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Business studies is the academic discipline that studies commercial institutions and practices in order to advise management and policy-makers about issues such as performance, organisation and behavior (especially from a historical perspective). When offering online business students homework help, we study businesses as units of analysis:
Business administration can be defined as the art of maximizing organizational effectiveness by achieving goals with minimal use of resources via application of specialized knowledge on production, distribution, pricing decisions through scientific methods and social organization process .
As a practical discipline, business administration is concerned with the administration of business entities. It involves organizational theory and management practice, encompassing corporate governance and strategy, organisation structure, finance, human resource management (HRM) etc.
Business studies is a degree in some countries such as India but most universities offer courses related to this field that are usually taken by students seeking further education or professional development in fields like finance, insurance, and others. This means, that is you need help with business studies assignment, you might be interested in our homework writing services as a whole.
A university business studies project on "theories of organization" classified business administration under "management science & systems", e.g., it was seen as being "part of decision sciences" which deals with modeling and analyzing decision making processes in organizations . ["Decision sciences" uses the scientific method to study how decisions are made.]
The major subjects of analytical business administration are:
Business studies or business administration as it is often confused is a related field but distinct from other fields like accounting, finance, IT (information technology) or law. However it shares many principles with these fields in terms of looking at the core aspects of functioning using statistical tools for data analysis . Business Studies graduates can be employed in all sectors of business ownership ranging from large companies to small family owned enterprise. The academic discipline originated not only as a response to economic needs during turbulent times but also colonialism by European imperial powers that led to introduction of modern business management education and research in India.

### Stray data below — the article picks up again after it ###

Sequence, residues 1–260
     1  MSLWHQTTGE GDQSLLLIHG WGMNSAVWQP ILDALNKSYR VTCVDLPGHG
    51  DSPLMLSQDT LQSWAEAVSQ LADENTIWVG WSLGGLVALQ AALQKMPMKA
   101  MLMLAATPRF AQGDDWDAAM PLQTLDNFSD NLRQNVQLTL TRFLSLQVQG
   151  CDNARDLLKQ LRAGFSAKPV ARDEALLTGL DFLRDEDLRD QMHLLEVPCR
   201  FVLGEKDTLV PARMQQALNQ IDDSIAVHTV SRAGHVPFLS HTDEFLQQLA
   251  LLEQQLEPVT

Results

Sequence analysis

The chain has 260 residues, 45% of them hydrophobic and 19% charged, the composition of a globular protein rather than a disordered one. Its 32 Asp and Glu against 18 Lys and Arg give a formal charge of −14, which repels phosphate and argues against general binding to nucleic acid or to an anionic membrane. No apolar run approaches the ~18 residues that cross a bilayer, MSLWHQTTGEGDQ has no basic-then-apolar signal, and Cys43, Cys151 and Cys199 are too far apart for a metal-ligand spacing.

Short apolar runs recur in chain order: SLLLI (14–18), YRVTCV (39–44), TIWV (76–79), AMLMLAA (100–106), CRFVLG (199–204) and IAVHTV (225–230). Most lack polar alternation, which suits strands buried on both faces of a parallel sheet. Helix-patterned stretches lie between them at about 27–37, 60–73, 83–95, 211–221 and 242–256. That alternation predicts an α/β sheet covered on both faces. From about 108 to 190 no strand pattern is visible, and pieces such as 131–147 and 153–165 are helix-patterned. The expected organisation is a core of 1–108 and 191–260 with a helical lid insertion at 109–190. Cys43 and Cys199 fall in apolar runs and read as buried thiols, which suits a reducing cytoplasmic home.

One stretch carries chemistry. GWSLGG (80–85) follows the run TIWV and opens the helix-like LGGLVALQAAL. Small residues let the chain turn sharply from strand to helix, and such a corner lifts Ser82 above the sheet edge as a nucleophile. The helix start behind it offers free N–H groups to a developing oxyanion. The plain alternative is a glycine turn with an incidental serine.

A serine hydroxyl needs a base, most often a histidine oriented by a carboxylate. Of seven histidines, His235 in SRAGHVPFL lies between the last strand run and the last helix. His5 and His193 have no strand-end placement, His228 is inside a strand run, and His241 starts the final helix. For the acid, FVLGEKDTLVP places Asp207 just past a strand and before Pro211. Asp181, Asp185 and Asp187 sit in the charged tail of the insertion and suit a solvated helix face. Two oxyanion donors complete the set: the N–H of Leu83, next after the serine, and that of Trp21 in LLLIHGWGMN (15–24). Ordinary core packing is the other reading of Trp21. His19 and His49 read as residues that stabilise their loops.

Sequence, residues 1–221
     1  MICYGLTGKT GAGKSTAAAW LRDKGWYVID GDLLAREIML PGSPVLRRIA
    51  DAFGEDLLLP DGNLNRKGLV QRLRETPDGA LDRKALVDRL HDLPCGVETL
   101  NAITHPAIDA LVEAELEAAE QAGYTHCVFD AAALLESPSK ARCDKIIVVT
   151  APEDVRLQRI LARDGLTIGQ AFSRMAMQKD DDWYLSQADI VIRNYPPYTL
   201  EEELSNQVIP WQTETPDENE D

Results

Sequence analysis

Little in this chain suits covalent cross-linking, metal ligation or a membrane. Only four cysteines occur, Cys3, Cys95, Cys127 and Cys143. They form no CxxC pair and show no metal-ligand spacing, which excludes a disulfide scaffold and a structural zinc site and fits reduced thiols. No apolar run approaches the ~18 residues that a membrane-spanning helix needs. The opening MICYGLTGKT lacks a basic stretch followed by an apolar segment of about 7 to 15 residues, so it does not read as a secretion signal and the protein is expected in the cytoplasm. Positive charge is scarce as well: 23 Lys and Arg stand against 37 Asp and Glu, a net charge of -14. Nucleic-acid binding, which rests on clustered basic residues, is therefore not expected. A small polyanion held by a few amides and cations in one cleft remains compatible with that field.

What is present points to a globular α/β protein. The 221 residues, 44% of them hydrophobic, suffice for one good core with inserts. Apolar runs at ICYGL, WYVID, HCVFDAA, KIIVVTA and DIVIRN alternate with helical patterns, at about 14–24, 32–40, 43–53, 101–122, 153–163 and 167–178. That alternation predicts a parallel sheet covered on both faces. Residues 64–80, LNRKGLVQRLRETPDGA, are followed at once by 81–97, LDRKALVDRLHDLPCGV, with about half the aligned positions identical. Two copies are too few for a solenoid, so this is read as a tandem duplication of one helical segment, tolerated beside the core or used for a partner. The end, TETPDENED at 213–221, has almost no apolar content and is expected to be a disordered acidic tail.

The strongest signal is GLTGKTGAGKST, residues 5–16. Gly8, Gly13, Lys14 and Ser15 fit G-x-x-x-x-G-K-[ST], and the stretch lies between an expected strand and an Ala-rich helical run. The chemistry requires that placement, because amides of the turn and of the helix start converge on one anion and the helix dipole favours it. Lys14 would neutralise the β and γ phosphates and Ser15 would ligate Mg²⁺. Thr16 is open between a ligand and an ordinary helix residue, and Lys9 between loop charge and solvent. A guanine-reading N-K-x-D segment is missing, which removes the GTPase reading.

Business studies as a discipline was first developed in the 19th century but can be traced back to the 16th century when it evolved from medieval trade skills, customs and guilds. Increasing industrialization required a new form of organization that focus on efficiency – promoting entrepreneurship, leadership and innovation by not only recognizing financial cost savings via economic planning (quantitative approach) but also qualitative improvements in employee behaviour (humanistic approach), resulting in development of modern management principles i.e., practice. Initially this trend was observed among German economists such as Friedrich List who suggested that state's role should include "the promotion of industries" involving "the application of science to existing establishments, especially in agriculture and manufactures". In the 19th century, there was a shift in focus from production to consumption as the growing middle class demanded more goods. Business schools appeared, as did business journals, including Forbes (1917).
Note: If you need to read more on the history of business studies, refer to history assignment help section of our website.
Business education is now highly standardized for most of the world's business education system; however there are different formats: case study versus textbook approach. The modern concept of business administration resulted from industrialization that had been occurring since the revolution in Great Britain around 1760-1840s. This revolution led to rapid expansion of mechanized factories with large numbers of unskilled workers. Industrialists needed new ways to organize people who were now working mostly in urban centers and also needed to find "scientific" ways to oversee complex operations which required technical training in engineering and applied science. This revolution also resulted in a need for control over workers which was handled by introducing the concept of bureaucracy. The large companies hired graduates from universities to work as managers, accountants, lawyers etc. These graduates were taught "scientific" principles such as rationalism (idea that human behaviour is orderly) and empiricism (idea that knowledge is based on experience) and the management practices like Taylorism i.e., breaking down jobs into parts or small tasks so they can be carried out by unskilled workers using scientific approach based on observation – e.g., study time spent at each task, recording best methods used by workers under specific conditions with data analysis to determine what is the best way for workers to achieve maximum results (i.e., finding right tools and work conditions) with minimum effort. This became known as scientific management.